Relationships Between Urinary Phthalate Metabolite and Bisphenol A Concentrations and Vitamin D Levels in U.S. Adults: National Health and Nutrition Examination Survey (NHANES), 2005–2010

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Recent research suggests that environmental exposure to endocrine-disrupting chemicals may alter circulating 25-hydroxyvitamin D [25(OH)D] levels in humans. To date, no studies have assessed the associations between phthalates and bisphenol A (BPA) and total 25(OH)D in the U.S. general population.


To explore relationships between urinary concentrations of 11 phthalate metabolites and BPA and serum total 25(OH)D in a representative sample of U.S. adults.


A cross-sectional study.


U.S. National Health and Nutrition Examination Survey, 2005–2010.

Patients or Other Participants:

U.S. general adult population (aged ≥20 years).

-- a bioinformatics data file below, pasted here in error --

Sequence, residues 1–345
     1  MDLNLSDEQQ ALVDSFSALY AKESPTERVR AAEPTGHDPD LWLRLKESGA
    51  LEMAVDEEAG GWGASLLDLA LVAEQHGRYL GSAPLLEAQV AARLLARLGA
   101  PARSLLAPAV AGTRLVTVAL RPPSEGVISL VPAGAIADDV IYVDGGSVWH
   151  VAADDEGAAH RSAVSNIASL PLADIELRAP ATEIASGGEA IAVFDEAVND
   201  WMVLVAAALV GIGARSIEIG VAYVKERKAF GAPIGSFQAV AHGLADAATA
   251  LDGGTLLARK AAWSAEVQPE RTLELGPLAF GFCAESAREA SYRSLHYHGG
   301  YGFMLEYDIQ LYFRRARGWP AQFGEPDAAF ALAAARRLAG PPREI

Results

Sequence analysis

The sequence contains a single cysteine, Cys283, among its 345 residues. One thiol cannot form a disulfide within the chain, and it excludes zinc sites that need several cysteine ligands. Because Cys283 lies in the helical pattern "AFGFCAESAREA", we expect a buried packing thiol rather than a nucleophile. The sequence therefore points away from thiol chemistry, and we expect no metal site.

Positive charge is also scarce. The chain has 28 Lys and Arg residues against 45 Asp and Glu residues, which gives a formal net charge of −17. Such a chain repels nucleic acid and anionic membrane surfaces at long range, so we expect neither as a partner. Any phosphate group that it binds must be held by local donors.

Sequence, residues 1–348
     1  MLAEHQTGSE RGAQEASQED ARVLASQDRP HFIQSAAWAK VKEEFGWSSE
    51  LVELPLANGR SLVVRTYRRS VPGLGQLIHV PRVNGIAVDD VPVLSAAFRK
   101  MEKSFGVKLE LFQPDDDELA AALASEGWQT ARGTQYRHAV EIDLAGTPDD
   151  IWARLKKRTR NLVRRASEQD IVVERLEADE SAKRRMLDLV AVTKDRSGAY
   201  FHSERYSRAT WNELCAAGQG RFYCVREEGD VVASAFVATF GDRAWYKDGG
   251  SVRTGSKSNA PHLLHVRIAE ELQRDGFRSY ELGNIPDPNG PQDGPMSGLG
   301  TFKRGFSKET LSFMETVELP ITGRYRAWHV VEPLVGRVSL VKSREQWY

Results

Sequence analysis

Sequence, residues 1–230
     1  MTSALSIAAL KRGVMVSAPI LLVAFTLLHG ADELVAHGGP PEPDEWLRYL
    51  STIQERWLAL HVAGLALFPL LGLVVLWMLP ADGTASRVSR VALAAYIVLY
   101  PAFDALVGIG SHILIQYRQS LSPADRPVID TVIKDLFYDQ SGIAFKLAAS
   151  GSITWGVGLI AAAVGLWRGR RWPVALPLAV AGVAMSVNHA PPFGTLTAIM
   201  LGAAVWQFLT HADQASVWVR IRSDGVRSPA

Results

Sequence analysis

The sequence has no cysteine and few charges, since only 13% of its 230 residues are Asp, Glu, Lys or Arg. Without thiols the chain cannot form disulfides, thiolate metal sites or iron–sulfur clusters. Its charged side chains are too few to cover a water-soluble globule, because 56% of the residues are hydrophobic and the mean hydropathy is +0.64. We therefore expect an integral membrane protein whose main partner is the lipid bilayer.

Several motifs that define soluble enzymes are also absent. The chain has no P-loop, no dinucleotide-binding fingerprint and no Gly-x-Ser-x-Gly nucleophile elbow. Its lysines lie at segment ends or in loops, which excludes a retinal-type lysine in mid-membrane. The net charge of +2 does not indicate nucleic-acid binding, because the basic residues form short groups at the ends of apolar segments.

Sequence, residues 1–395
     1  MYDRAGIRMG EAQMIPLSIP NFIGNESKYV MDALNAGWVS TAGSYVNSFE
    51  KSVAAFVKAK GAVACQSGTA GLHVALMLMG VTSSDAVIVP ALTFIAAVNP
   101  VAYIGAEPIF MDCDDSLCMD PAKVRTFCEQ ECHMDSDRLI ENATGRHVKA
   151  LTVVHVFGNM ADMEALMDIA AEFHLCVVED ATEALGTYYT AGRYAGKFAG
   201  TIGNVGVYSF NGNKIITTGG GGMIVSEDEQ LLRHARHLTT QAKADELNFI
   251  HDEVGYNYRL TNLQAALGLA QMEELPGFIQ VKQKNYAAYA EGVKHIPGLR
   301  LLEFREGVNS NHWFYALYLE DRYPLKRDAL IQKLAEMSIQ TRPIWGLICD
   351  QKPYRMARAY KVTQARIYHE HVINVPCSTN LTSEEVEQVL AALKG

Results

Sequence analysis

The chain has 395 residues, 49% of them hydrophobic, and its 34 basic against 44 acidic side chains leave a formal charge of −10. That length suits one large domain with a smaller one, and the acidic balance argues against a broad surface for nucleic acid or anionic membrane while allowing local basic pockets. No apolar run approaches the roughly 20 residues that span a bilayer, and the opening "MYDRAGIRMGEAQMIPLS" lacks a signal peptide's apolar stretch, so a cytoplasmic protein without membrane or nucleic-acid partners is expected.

Main Outcome Measures:

Serum total 25(OH)D measured by liquid chromatography-tandem mass spectrometry.


Metabolites of di(2-ethylhexyl) phthalate (DEHP) were consistently inversely associated with total 25(OH)D in the overall study population and in gender-stratified models. In the overall population, we detected a significant inverse relationship for the molar sum of DEHP metabolites (ΣDEHP), where an interquartile range increase in ΣDEHP was associated with a 1.90% decrease (95% confidence interval [CI], −3.64, −0.17) in total 25(OH)D. A positive association was detected for monoethyl phthalate. For BPA, we found a statistically significant inverse relationship in women, but not in men. In women, an interquartile range increase in urinary BPA was associated with a 3.71% decrease (95% CI, −6.41, −1.02) in total 25(OH)D.


Overall, our results provide suggestive evidence that environmental exposure to phthalates and BPA may alter circulating levels of total 25(OH)D in adults. Future human and animal studies are required to resolve the direction, temporality, and impact of these relationships.

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